Pakistan is the world’s fifth-largest country with a population of over 225 million. This large population has the advantage of being relatively young. Pakistan has a median age of 22.8 years, which means a large potential workforce to help drive the economy. Internet penetration in the country is also on the rise, with more than 100 million 3G and 4G users. Startups can take advantage of Pakistan’s massive potential not only as a market but also as a source of talent and fresh business ideas.

This session the following panelists:

This November 18 session of Beyond Virtual invited three leaders from leading startups in Pakistan to discuss how the Pakistani startup ecosystem can improve especially in view of the viability seen in exploring opportunities in the Southeast Asia market.

Here are the highlights of the discussions.

  • Pakistan has seen an acceleration in startup investments over the past 12 to 18 months. The year 2021 is expected to bring in more investments compared to the previous five years combined. Venture capital investments to Pakistan are projected to hit $200 million.
  • Pakistan is a late adopter of 3G and 4G, but it is already progressing fairly well with around half of the population already using these technologies.
  • There are roughly 2 million Pakistanis living in other countries, particularly in the west. They are expected to help bring in the talent and capital into the country to help foster and guide startups towards success.
  • There is growing optimism in Pakistan’s startup ecosystem, as the majority of the capital inflow is coming from foreign investors particularly from Silicon Valley, MENA, Southeast Asia, and Chinese funds.
  • There is a call for the Pakistani government to improve support to startups. It takes a while for companies to be established. Opening a bank account for a company can take weeks and sometimes months. There have been improvements, but the government can do more to help Pakistan’s startup ecosystem flourish.
  • The Pakistani government can attract more investments by lowering taxes for startups or offering tax breaks to them. A more supportive government can significantly drive growth in Pakistan’s startup market.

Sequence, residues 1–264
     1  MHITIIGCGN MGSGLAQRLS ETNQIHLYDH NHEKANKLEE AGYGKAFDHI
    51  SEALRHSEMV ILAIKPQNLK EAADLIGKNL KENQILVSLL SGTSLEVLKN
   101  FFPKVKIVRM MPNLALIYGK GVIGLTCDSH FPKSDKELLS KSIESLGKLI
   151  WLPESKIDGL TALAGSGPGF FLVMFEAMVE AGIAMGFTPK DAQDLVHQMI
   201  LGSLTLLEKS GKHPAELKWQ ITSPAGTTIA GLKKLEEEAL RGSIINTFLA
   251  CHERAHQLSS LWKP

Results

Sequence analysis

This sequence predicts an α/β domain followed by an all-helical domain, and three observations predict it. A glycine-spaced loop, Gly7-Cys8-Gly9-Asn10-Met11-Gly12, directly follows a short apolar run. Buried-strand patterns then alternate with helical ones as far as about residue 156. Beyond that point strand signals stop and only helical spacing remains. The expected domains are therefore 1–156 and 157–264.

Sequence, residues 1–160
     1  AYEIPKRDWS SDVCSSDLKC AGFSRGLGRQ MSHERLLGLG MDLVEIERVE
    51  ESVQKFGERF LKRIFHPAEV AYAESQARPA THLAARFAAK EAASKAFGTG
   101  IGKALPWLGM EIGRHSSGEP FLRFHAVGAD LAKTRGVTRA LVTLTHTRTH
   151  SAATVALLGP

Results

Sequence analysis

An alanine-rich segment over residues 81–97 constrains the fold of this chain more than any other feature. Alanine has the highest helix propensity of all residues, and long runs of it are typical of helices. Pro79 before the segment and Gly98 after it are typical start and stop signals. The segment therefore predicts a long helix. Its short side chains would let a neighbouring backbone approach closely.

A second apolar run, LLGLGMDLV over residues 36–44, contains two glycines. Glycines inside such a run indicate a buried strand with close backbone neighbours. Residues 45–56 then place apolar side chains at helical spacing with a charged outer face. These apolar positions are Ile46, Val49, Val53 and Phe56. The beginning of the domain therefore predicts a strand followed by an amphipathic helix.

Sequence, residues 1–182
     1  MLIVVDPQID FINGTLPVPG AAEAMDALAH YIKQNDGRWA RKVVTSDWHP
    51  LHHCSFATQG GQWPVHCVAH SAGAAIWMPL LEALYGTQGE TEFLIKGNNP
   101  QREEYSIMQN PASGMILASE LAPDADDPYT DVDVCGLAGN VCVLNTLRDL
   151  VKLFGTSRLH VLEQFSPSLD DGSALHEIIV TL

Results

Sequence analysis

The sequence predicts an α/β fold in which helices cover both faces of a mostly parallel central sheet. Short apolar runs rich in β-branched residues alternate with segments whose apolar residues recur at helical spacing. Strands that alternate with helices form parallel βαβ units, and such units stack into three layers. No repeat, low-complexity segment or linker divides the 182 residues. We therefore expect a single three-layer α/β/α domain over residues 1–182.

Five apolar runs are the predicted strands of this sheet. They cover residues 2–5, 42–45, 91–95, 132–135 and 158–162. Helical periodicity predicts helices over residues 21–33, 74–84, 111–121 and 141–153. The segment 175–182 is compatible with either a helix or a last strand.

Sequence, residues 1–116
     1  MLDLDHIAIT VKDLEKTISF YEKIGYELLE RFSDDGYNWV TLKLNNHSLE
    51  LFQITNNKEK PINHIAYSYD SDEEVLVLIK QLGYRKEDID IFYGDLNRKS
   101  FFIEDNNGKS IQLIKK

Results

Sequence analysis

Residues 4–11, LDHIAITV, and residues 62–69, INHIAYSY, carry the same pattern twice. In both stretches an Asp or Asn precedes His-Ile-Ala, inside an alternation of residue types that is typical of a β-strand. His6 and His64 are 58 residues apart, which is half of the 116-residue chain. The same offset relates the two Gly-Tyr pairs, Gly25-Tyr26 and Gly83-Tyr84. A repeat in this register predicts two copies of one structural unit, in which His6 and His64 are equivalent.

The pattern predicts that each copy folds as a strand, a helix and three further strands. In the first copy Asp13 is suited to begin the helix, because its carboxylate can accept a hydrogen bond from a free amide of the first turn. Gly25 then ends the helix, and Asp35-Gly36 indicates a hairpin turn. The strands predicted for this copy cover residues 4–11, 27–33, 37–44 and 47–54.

• Pakistani startups rarely go international. However, with international capital pouring into the country, expanding internationally for startups is no longer just a pipe dream. Southeast Asia and the rest of South Asia are good markets to explore. Pakistan can learn a lot from India’s experiences in establishing and growing its startup ecosystem.
  • The hottest industries for startups in Pakistan are not that different from those in other countries or regions. FinTech, e-commerce (both B2C and B2B), logistics, education, and healthcare are among them.
  • Pakistan has a lot to offer to investors and can be a good starting ground for startups. There is still a lot of room for improvement, particularly when it comes to government support, but all in all, there are many reasons to be optimistic about the country’s startup ecosystem and the potential for international expansion.

“Both in terms of local appetite and foreign appetite, we’re definitely seeing an increase of both investment capital as well as capital from the region. So I think with startups beginning to make an impact locally in the lives of people, I think it’s giving a lot more confidence to people on the ground to invest.” – Ali Mukhtar

“Basically, we are a replica of what India was like a few years back and I think our problems and solutions and the potential to bring the startup budget are very very similar.” – Ahmed Ayub

“So I think Pakistan has an amazing pool of talent. I believe that the population makes it so that we have a lot of internet penetration and we are all fast learners, so a lot of technology adoption…I think people are starting to recognize the talent and the opportunity in Pakistan and of course, the first few people that invested in Pakistan have seen good results and all these investments are coming.” – Fatima Mazhar

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